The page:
Just a few days later, news broke that the Department of Transportation would be shutting down several dockless bike-sharing services throughout Queens and Brooklyn by the end of summer.
In Rockaway, this would mean the loss of the signature green-and-yellow Lime Bikes that have dotted the peninsula since July 2018.
For residents just getting used to the bikes, the news was not received well.
“The Rockaways potentially losing Lime Bike would be such a devastating loss and a huge slap in the face to Southeast Queens, especially after Citi Bike has failed to expand to this part of the City,” said Milan Taylor, executive director of the Rockaway Youth Task Force.
The loss is exacerbated by the peninsula being a “transportation desert.”
“We don’t have very reliable bus service, and having access to Lime Bike has definitely increased transportation options for residents,” Taylor said.
In May, Lime announced it would renew its contract in Rockaway until September and increase its bike fleet from 400 to 600. The DOT would allow Lime to complete its contract.
Councilman Donovan Richards said he has seen the benefits of Lime on the area.
“When it comes to our transit options, the one thing Rockaway residents can count on is disruptions,” Richards said. “Which is why the bike share program has served so many people regardless of whether they are heading to the beach, back home to public housing, or just need to take a quick trip to the bank.”
Since debuting, Lime has provided tens of thousands of rides on its bikes.
“I can certainly say that the eastern end of the Rockaway peninsula has benefitted from Lime Bike the most,” Taylor said. “These are households where a lot of folks don’t have access to cars.”
Lime has not just helped people get to work; it has also allowed them to work. Some delivery workers have used Lime to complete their orders for UberEats, saving them on the costs of purchasing and maintaining a bicycle.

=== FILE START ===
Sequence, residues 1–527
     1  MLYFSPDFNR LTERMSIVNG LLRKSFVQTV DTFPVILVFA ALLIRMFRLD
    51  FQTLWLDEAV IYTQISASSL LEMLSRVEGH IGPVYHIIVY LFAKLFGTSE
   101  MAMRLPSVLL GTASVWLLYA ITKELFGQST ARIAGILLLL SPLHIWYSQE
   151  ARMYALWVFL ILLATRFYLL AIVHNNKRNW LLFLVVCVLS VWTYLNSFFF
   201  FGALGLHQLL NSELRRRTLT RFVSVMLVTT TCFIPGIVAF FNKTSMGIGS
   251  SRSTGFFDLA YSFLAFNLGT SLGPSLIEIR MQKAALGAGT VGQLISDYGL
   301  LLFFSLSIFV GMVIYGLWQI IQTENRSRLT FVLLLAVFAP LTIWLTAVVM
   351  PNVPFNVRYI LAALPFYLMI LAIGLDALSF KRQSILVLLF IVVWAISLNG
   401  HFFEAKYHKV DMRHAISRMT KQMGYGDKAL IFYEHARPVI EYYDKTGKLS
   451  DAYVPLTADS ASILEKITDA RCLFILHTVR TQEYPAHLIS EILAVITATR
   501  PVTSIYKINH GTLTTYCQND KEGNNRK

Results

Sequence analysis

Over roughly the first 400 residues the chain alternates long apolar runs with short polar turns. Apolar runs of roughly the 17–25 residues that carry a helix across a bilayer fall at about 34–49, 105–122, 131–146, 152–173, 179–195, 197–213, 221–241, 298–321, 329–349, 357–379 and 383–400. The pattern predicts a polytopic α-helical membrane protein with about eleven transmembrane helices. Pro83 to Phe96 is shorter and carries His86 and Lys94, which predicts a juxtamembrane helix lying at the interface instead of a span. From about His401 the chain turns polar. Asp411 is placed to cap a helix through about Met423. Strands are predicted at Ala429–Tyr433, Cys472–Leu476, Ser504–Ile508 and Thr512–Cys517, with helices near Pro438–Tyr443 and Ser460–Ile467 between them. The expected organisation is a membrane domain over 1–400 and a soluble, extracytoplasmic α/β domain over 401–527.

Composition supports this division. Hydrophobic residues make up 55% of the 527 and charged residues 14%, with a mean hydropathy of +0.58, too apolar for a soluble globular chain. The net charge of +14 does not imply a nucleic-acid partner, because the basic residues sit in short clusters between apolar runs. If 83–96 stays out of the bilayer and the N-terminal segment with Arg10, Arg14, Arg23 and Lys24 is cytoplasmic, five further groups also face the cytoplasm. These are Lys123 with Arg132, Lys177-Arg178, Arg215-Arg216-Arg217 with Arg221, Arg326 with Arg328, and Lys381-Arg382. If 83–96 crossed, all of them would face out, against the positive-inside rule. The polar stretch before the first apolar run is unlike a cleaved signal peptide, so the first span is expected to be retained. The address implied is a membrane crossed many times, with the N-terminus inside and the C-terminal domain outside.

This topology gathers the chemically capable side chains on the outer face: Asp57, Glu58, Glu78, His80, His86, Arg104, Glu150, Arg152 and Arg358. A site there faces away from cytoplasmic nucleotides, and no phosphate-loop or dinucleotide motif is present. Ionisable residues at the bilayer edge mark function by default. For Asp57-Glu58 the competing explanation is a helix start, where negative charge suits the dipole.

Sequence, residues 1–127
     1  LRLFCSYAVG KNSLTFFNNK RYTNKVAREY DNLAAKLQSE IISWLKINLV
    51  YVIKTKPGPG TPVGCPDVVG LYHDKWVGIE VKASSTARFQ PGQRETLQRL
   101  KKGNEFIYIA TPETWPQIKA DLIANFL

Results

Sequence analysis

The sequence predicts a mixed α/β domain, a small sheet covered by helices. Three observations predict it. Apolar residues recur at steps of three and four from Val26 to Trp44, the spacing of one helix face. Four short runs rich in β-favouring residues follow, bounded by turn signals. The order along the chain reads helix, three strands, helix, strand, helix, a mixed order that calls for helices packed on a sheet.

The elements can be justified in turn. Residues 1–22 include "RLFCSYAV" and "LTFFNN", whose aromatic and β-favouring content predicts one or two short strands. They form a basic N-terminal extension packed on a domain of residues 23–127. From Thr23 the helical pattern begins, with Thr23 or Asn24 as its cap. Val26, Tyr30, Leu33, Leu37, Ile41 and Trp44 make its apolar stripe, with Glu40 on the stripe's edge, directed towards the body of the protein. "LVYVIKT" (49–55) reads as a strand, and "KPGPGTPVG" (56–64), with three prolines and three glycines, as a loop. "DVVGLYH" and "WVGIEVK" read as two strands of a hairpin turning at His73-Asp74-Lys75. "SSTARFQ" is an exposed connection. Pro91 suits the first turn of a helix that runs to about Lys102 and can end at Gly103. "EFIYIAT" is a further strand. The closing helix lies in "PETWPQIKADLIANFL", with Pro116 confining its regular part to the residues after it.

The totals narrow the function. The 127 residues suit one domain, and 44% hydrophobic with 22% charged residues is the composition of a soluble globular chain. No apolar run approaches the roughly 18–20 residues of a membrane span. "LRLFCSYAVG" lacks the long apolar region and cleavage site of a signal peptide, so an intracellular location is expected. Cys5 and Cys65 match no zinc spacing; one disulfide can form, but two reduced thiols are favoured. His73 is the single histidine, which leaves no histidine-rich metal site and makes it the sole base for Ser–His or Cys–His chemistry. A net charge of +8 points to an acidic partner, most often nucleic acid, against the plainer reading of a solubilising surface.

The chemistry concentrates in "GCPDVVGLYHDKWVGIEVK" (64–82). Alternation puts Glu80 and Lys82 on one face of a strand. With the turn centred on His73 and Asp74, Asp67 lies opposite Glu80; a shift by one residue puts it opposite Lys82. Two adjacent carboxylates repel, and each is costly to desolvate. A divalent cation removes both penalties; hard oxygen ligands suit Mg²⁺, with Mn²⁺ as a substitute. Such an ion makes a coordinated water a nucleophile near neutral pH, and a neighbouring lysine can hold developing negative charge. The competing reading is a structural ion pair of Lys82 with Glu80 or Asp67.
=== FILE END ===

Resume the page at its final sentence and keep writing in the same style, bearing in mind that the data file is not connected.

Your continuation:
“Lime bikes are actually providing residents with jobs and opportunities that they otherwise would not have,” Taylor said.
Taylor said Rockaway would benefit more from dockless bikes than Citi Bike’s docking system.
“The Rockaway peninsula is a very narrow, small place,” he said. “You can literally find a Lime bike on every corner, hop on, hop off, and go on with your day.”
Aside from dockless bikes being more widespread than docked bike services, they do not require parking spaces to be removed for dock installation, which has been a criticism of Citi Bike.
The Citi Bike would double Citi Bike’s service area to 70 square miles and triple the number of bikes to 40,000 by 2023.
The Bronx will be receiving its first-ever Citi Bikes, while Manhattan will have docks that stretch the entire island, from Battery Park to Inwood.
In Brooklyn, the bikes will move past communities near the East River and reach areas of Bed-Stuy, Brownsville, Sunset Park, and Kensington.
Queens will see new bikes in areas like Sunnyside, Maspeth, Elmhurst, Jackson Heights, and Corona, in addition to existing docks in Long Island City and Astoria.
“I’m pleased to see Citi Bike expanding and particularly gratified to see Sunnyside/Woodside included in this next round,” said Councilman Jimmy Van Bramer, whose Sunnyside office is 18 blocks from the nearest Citi Bike dock. “The cycling community in Western Queens is already strong and growing, and all New Yorkers deserve greener, safer, and more affordable transportation alternatives.”
Lyft, Citi Bike’s parent company, allows people to rent bikes through its app. And ridership has been at an all-time high, with over 86,000 trips being completed in a single day this past June.
But while officials in communities on the receiving end of the Citi Bike expansions celebrate, the mood is different in Rockaway.
“This would just be such an incredible loss to the community, and I really, truly hope the powers that be reconsider Lime Bike staying in the Rockaways, because it’s been such a bolster to the community,” Taylor said.
Richards offered hope, saying, “Our office is committed to working with the Department of Transportation and Lime to ensure that this critical new mode of transit stays in the Rockaways for good.”